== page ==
Aerial photograph of Newington (Source: Six Maps)
Newington is a suburb of Sydney, It is 16 kilometres west of the Sydney central business district, in the local government area of City of Parramatta. Newington is 2 km west of Wentworth Point, on the Parramatta River, and 1 km north-west of Sydney Olympic Park. The suburb is named after the Newington Estate, a property originally owned by the Blaxland family.
Newington is part of the traditional lands of the Wann clan, known as the Wann-gal. These lands stretched along the southern shore of the Parramatta River between Cockle Bay (Cadi-gal land) and Rose Hill (Burramatta-gal land).
The Wann-gal have lived in the Newington/ Homebush Bay area for thousands of years. The estuary of Homebush Bay provided the Wann-gal with food and resources that they needed as well as a way to travel by water. The Wann-gal clan is said to be part of the Darug language group.
Homebush Bay’s colonial history started very soon after the First Fleet landed at Botany Bay with the area being declared the ‘Flats’ only ten days after the landing. The ‘Flats’ was first settled by Europeans in 1793 when the first land grants were given to free settlers who had arrived on the Bellona. The first men to be granted land in the ‘Flats’ were Thomas Rose, Fredrick Meredith, Thomas Webb, Edward Powell and Joseph Webb. As these were freemen, the land the area then became known as Liberty Plains.
John Blaxland and Newington Estate:The suburb that is Newington today is inexplicably tied to the Blaxland family and the property they owned and named. The suburb is partially located on the original estate. And while some of the original features of the Newington Estate are not included in the modern suburb they are historically important to its development.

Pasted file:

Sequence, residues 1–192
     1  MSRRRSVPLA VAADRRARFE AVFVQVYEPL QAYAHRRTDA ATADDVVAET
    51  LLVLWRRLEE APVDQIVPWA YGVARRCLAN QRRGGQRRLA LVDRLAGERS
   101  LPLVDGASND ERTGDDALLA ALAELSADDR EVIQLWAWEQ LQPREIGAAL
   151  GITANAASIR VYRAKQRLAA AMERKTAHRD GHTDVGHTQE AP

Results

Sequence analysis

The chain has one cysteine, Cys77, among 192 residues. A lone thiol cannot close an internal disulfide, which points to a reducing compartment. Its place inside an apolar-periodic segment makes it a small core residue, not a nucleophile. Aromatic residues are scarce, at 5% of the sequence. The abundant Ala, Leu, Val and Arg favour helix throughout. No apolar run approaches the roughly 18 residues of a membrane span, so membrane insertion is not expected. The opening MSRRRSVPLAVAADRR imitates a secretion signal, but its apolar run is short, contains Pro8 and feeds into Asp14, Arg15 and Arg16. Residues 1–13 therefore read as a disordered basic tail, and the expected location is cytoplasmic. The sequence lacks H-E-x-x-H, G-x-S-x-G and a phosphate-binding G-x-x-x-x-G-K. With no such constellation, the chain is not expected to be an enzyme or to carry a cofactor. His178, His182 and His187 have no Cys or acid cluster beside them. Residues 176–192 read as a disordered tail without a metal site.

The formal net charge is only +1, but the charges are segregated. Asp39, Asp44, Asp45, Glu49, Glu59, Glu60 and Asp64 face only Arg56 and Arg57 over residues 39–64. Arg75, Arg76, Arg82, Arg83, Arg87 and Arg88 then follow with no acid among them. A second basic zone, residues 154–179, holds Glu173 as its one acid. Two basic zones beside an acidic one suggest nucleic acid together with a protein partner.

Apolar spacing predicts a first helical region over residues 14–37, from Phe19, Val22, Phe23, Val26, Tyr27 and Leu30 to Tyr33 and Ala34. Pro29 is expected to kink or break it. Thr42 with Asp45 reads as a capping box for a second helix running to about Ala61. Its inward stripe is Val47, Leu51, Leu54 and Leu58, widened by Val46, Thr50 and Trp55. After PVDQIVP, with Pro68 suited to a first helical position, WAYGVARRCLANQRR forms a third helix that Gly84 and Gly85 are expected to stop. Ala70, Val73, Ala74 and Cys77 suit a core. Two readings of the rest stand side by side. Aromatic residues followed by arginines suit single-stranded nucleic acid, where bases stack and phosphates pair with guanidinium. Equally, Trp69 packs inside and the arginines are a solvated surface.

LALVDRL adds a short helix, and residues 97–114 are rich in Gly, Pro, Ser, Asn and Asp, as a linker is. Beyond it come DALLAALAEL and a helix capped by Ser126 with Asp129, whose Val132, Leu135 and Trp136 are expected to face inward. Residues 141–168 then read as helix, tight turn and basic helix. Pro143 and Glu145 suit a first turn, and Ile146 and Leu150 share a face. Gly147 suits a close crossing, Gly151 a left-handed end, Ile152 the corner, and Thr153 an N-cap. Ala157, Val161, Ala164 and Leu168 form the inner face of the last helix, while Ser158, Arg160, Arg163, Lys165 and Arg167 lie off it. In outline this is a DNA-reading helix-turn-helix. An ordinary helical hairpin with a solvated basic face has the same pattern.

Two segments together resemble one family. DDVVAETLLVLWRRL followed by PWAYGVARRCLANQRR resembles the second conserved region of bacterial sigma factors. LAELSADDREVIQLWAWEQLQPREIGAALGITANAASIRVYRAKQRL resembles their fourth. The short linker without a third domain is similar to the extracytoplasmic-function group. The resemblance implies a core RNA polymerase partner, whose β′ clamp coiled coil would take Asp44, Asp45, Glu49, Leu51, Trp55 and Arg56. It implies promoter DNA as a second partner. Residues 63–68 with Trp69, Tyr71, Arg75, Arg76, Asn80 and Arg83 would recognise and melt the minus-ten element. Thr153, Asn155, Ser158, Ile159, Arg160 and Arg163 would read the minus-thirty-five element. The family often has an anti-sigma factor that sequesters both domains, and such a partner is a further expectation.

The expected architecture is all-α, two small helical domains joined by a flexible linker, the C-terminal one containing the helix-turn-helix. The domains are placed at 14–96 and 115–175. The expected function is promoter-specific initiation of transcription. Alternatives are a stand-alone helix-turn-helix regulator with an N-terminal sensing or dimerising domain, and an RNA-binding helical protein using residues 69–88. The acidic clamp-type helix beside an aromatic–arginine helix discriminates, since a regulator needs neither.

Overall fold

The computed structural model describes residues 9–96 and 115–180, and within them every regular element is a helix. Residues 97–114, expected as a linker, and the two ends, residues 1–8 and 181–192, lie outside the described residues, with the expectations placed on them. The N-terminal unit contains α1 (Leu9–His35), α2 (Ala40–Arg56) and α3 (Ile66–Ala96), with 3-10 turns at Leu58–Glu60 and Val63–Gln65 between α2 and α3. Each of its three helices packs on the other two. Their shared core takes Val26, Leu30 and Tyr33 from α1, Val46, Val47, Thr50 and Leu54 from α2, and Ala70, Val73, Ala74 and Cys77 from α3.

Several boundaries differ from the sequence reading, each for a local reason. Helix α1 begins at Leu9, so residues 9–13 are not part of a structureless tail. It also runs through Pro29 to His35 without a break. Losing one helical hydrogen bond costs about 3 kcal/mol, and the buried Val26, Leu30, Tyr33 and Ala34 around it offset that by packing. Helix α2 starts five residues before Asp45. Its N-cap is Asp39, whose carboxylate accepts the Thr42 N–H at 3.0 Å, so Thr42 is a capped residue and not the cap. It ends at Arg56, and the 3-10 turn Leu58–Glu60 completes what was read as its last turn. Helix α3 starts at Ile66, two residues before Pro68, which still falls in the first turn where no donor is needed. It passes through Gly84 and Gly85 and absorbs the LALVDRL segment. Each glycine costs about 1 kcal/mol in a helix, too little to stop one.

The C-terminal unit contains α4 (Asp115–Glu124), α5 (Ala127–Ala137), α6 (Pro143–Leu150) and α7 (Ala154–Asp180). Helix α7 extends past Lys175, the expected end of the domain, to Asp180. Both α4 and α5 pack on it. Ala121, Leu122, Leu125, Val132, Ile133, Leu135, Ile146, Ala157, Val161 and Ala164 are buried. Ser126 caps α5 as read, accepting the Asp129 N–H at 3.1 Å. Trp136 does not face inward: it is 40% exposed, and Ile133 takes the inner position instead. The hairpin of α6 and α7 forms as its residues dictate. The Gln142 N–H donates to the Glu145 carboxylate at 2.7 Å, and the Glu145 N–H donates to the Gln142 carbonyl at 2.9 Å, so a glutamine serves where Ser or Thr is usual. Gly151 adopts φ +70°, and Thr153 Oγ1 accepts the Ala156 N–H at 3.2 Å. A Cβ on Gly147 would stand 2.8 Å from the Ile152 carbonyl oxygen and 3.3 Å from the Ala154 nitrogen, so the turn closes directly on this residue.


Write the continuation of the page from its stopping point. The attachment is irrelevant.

John Blaxland was a landowner and merchant who in 1807 acquired a large amount of land (520 hectares) including grants from Waterhouse Farm, Shortland Farm, Isaac Archer and Samuel Haslam. This land he named Newington Estate. Blaxland set up salt pans along the Parramatta River and was able to produce up to 8 tons of salt each week in 1827 for Sydney. The Blaxland Family held this land until the 1860s. By that, time there was also a tweed and flourmill there as well as cattle grazing, logging and coal mining exploration.
The estate was leased to the Methodist church in 1860. Newington House the estates grand residence was home to Newington College from the schools beginnings in 1863 until it was moved to Stanmore in the early 1880’s. The school was of the Wesleyan denomination and was the first Australian school to play rugby and to hold an athletics carnival. The college also has the longest running Cadet Corps in Australia.
The Newington Estate was first offered to the Government for use as an Asylum for the Insane in 1874. The Government did not accept this offer, until years later.
The Government acquired about 19 hectares of land which included Newington House. This was in the mid 1880’s. The first buildings for an Aged Woman’s Asylum were established on the site in 1886 to house 300 patients. Two wards, known as the Margaret Catchpole and Caroline Chisholm buildings were among the first erected. Moreover, by 1890 there were 450 patients at Newington. At this time, the hospital was categorised as a state asylum for dependent adults’ with infirmity or illness of ‘incurable character’.